Tuesday, February 11, 2014

Study: Allocation Guidelines Needed As Oncology Drug Shortages Persist

A survey of American Society of Health-System Pharmacists members finds that oncology drug shortages are affecting patient care, prompting researchers to conclude there is a pressing need for guidelines to facilitate drug allocation decisions by clinicians. The findings come as the House Energy and Commerce health panel is slated to hold a hearing Monday (Feb. 10) to investigate FDA's response to drug shortages.

The survey was part of research conducted by ASHP, the Value Institute at Christiana Care Health System, the University of Pennsylvania and Fox Chase Cancer Center. The researchers say pharmacists also need help as they try to manage drugs in short supply.

"Support must also be extended to pharmacists who, while admirably leading efforts to manage short-supply and conservation protocols, should not be making allocation decisions without the support of their institutions' ethics committees or routinely participating in bilateral physician–pharmacist decisions posing a significant potential for conflicts of interests," they say.

The survey, published this week by the American Journal of Health-System Pharmacy, analyzed answers from 358 health system pharmacy directors throughout the country. Focusing on oncology drugs, the survey found that 98 percent of respondents reported at least one drug shortage during the previous 12 months. Further, 62 percent reported using alternative treatments, such as a different combination of drugs, because of the shortage.

"Our survey indicates that legislation introduced in 2012 to mitigate the occurrence and impact of drug shortages has yet to provide substantial relief to frontline clinicians, especially in the area of oncology drug shortages," according to the survey. "The care of cancer patients remains severely compromised."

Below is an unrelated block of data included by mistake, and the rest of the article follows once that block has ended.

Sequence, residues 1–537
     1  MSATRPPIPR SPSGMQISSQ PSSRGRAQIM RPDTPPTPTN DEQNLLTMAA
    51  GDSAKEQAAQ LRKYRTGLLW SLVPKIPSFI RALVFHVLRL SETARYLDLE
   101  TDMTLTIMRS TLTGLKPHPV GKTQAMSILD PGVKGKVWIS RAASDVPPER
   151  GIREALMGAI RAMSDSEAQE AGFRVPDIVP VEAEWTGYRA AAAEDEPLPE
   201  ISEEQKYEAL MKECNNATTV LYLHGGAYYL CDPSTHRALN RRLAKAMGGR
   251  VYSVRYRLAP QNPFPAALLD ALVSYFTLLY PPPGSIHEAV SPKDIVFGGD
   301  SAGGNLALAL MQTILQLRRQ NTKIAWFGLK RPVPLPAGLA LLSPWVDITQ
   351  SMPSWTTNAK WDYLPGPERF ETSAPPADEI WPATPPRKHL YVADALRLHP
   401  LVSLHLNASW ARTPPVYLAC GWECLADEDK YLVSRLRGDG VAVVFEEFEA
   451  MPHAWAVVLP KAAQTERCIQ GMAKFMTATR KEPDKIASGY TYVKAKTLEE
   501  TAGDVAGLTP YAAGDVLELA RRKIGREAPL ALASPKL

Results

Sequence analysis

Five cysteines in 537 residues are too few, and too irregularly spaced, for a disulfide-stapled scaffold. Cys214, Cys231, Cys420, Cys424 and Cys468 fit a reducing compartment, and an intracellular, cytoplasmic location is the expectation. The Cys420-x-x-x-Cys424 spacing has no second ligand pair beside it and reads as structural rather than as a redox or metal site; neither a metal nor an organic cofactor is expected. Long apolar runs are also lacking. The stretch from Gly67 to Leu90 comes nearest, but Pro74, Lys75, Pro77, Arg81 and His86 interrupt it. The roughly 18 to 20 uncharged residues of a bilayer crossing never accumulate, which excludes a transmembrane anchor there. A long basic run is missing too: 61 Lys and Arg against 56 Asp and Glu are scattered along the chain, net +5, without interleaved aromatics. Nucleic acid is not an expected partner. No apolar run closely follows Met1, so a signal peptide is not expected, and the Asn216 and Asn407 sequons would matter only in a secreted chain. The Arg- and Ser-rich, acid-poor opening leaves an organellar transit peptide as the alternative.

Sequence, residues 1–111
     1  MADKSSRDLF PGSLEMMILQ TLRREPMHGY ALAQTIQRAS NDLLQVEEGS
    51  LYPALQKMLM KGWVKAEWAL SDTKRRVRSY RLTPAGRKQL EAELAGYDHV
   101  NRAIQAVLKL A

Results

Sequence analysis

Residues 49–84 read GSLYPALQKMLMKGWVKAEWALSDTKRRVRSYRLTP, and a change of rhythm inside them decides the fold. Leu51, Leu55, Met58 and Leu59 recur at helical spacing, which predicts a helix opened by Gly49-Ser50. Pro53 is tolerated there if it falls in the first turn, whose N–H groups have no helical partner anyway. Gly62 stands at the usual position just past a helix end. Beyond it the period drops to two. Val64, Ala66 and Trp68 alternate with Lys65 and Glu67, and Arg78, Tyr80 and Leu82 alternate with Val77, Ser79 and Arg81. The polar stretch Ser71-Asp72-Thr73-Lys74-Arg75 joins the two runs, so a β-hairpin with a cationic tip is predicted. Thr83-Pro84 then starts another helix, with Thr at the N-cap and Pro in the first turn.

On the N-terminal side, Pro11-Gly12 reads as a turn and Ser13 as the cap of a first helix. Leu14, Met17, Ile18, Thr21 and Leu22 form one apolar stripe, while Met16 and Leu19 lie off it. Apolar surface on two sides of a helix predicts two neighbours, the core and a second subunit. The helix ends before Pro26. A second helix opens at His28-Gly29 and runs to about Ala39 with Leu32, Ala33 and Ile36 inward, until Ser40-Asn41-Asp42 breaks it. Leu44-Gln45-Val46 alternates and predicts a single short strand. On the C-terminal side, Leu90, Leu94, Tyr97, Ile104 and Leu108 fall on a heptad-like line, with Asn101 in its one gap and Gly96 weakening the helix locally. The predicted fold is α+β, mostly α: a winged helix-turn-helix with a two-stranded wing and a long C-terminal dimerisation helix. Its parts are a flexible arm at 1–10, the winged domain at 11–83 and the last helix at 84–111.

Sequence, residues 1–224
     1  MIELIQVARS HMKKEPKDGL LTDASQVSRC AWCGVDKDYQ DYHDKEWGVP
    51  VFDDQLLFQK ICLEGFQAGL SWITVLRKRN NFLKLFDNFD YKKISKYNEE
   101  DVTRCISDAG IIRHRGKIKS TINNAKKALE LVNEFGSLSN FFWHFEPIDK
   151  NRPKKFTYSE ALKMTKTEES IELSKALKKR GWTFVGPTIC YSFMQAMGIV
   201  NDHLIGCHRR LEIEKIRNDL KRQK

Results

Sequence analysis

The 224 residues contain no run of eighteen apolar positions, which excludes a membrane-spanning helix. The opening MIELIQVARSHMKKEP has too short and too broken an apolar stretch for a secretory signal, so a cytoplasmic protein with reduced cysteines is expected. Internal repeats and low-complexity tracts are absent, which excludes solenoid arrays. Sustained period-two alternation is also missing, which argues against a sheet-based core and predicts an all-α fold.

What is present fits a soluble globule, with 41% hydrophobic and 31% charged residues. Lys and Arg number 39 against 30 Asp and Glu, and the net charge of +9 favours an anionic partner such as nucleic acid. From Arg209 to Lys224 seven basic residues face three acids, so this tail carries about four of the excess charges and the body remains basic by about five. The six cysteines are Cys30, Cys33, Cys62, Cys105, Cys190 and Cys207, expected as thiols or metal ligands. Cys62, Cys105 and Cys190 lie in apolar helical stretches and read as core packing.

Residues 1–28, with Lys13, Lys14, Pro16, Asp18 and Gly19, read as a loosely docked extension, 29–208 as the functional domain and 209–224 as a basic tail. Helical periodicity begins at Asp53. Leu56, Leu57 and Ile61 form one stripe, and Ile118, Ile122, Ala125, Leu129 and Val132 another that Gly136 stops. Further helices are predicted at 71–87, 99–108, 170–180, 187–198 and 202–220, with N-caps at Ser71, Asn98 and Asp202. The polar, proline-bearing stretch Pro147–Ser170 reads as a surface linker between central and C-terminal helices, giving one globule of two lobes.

The FDA Safety and Innovation Act included several mandates aimed at curbing drug shortages, including calling for a rule outlining requirements for companies to notify FDA about shortages. The agency is obtaining feedback on the proposed rule. The legislation also created the generic drug user fee program, which was expected to address the drugs primarily affected by shortages – generic injectable drugs.

An FDASIA-mandated Government Accountability Office report will be released Monday examining the cause of shortages and FDA's role in addressing them, the committee said. Douglas Throckmorton, FDA drug center deputy director for regulatory programs, and Marcia Crosse, GAO's health care director, are slated to testify at the Monday hearing. – Alaina Busch ( abusch@iwpnews.com This e-mail address is being protected from spambots. You need JavaScript enabled to view it )

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